Most cannot deny the charming appeal of woven English wattle edging; and do you know just how easy it is to make?
English settlers brought the craft of making wattle to America, and even today in Williamsburg the basket-weave rustic charm of wattle is used as a pedestrian barrier. But more than that, wattle can insulate young seedlings by blocking wind and can also elevate an otherwise ho-hum raised bed into a bedded charmer.
No raised beds? Make them! Wattle can also be used as a way to contain raised soil.
Traditionally in England, each February, willow trees designed to provide withy (the weavers) are coppiced (cutting limbs to stimulate growth), and once cut, withy re-growth is ready to use after two to three seasons. This re-growth provides suckers thick and long enough to use in wattle. As you can imagine, crafting wattle edging is the ultimate sustainable, renewable resource.
But that is where the tradition stops. The lore of crafting wattle seems to be a lost art in America. Why? I believe it’s because of the process of finding the wood. We aren’t in the habit of coppicing our willows to wattle. Today in the Triangle area, we are bringing back this craft with our own twist.
Don’t have a willow to coppice? Don’t let the lack of finding pliable willow limbs stop you. You can also use grapevine or wisteria, plus other supple vines.
I have the good fortune to work with Zac Hackney, culinary gardener at Fearrington Village in Carrboro. Before Fearrington, Zac was one of the vegetable gardeners at Thomas Jefferson’s home, Monticello. There, Zac learned the lost art of making wattle, and provided these charming objects for the Charlottesville, VA, living museum. Fearrington Village is now the beneficiary of this craft, and now so are you.
Sales — These are the upright stakes. Any odd number of sales can be used, depending on the desired length or tightness of the wattle. Two of these sales need to be longer for the ends. Hardwood is a good choice for the sales. Keep in mind, if you use willow as the sales, it might take root and come alive. It will turn out stronger, but you will need to trim it each year.
Weavers — Any supple, long, straight, slender saplings make good weavers. Wisteria, grapevine, forsythia, and even willow can be used. Newly cut, green wood is best and easiest to use. The saplings you choose should be long enough to weave around at least three stakes, preferably more for stability. Because the weavers are woven horizontally, a fence can be as low or as high as your sales will allow. Don’t worry about willow taking root. As long as it isn’t used as sales, but only as the weavers, it’s not likely to generate growth. Expect your wattle edging to last three or four years.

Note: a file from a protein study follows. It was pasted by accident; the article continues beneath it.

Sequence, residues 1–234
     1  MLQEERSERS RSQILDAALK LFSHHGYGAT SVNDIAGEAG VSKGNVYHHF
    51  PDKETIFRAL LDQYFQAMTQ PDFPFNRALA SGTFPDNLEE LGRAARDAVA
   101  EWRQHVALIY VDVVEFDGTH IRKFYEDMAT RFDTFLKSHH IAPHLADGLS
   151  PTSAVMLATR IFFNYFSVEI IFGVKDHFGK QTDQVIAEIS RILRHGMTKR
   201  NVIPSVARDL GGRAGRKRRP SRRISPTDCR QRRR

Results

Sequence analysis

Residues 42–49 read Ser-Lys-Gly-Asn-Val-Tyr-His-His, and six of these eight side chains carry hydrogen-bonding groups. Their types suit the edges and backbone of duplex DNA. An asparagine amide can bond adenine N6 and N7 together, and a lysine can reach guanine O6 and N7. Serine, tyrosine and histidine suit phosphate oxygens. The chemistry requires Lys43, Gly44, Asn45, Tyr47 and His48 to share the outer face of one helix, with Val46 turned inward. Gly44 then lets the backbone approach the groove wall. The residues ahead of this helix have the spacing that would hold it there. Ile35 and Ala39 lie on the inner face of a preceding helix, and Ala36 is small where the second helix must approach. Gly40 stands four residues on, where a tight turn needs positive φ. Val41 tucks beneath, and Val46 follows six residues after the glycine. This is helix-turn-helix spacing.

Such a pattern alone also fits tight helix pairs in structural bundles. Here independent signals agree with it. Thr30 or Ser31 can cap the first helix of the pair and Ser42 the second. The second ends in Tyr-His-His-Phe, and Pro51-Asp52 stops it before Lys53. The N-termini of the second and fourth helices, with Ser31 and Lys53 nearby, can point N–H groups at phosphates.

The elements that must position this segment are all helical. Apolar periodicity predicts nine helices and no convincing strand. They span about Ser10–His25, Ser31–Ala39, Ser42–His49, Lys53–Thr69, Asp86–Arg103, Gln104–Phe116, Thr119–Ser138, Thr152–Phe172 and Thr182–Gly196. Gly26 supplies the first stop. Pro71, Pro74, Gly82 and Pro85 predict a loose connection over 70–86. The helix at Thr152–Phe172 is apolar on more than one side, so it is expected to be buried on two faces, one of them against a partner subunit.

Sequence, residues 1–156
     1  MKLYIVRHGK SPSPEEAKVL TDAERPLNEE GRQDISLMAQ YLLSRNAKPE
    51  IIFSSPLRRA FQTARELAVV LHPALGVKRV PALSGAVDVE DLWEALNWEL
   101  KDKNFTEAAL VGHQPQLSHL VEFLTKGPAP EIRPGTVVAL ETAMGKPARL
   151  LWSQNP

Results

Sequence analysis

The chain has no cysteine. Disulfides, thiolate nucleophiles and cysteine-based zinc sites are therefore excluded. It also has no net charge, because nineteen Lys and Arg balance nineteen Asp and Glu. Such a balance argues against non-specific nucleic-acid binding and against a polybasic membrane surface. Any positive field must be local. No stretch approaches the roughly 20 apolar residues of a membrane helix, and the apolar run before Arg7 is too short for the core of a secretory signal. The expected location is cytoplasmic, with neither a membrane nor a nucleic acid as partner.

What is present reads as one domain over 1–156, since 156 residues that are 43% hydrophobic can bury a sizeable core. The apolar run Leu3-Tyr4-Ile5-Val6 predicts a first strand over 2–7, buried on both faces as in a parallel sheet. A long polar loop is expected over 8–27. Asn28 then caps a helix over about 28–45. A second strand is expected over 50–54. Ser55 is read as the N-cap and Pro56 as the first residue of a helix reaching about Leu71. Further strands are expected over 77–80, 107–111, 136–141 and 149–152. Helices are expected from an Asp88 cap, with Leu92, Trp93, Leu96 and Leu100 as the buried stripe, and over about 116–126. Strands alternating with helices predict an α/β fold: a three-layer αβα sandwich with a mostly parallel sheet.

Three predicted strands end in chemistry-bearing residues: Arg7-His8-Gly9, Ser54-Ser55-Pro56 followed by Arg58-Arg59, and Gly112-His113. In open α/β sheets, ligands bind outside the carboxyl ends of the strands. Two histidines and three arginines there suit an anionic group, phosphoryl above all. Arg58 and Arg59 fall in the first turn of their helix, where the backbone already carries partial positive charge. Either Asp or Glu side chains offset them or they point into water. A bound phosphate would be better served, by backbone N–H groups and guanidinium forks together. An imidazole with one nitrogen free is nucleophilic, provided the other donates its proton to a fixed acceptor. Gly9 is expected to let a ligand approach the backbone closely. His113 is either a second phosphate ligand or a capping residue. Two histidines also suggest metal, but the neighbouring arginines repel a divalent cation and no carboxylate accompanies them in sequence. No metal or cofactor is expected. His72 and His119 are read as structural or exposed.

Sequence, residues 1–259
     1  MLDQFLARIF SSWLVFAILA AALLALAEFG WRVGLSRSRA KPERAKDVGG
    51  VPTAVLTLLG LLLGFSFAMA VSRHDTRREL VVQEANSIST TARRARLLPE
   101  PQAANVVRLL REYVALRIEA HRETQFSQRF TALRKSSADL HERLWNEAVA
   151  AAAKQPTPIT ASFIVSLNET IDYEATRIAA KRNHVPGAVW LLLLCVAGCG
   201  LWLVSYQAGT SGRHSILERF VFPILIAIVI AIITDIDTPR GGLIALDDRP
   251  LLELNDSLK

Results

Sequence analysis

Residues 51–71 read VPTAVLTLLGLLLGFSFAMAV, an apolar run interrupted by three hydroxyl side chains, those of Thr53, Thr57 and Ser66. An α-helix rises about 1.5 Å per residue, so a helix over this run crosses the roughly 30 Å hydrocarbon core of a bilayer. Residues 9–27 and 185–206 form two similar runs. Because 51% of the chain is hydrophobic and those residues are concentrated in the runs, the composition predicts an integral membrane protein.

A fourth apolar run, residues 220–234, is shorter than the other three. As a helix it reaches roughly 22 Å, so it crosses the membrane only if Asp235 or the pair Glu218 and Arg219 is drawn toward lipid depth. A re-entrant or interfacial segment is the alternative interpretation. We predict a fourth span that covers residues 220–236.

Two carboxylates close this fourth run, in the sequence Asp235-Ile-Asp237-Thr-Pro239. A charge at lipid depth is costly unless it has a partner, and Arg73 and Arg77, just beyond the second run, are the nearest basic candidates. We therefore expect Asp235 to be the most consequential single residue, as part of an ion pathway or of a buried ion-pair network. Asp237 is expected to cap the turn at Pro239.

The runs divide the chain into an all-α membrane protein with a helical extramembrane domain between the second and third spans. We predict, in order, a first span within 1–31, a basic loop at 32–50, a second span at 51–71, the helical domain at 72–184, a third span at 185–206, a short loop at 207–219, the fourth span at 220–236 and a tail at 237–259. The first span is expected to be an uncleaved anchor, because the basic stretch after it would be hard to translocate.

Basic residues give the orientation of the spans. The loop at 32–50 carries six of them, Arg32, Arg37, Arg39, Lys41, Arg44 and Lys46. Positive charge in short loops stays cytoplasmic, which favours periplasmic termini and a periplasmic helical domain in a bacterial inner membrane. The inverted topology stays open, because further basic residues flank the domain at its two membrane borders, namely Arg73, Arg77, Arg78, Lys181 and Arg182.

You will also need snipers or pruners to cut the wood.
Steps to Making a Wattle
Step 1: Gather materials / Helen Yoest
1) Gather materials and strip the green off the sales and weavers.
Step 2: Sink the sales into the soil / Helen Yoest
2) Sink the two longer end sales 50 percent into the ground with the other 50 percent above ground. For the shorter sales, sink these one-third deep with the tops equal to the end sales. We placed the sales against a long board to keep these in a straight line.
Note: The length of the wattle is what you choose, but it’s easiest to work in three to five foot sections. Too short and the wattle doesn’t have the same appeal; too long and the weavers become difficult to use. The height can be whatever you desire. This example is for wattle edging, spaced at equal intervals. It doesn’t have to be, though, as the spacing can vary for different effects. For our illustrations, we spaced our sales three inches apart to make a wattle three feet long.
Step 3: Start weaving / Helen Yoest
3) Start the weaving two sales in from the end and then work backwards to the end sale, alternating sides of the sales as you weave. The weavers are woven around the sales like basketry. Continue to alternate the weaving the length of the wattle and around the opposite end sale. The simplest is to weave each row of saplings alternating around the stakes. The next row is woven on the opposite side of the stake from the sapling below it. This is why an odd number of sales is necessary. Each row should be firmly pressed down. When you finish using one weaver, go back two sales to begin using the next weaver. This will help stabilize the weave. When finished with the wattle, the end weaver is just tucked in.
At home, I grow muscadines. When it is time to do a major pruning in January, the vines will be saved for weavers. Now, every time I see a vine I see future weave for wattles that I want to craft for my gardens. I hope you do too.
Helen Yoest is the executive director of Bee Better, an area non-profit 501(C)(3) designing and educating area homeowners about building better backyards for birds, bees, and butterflies.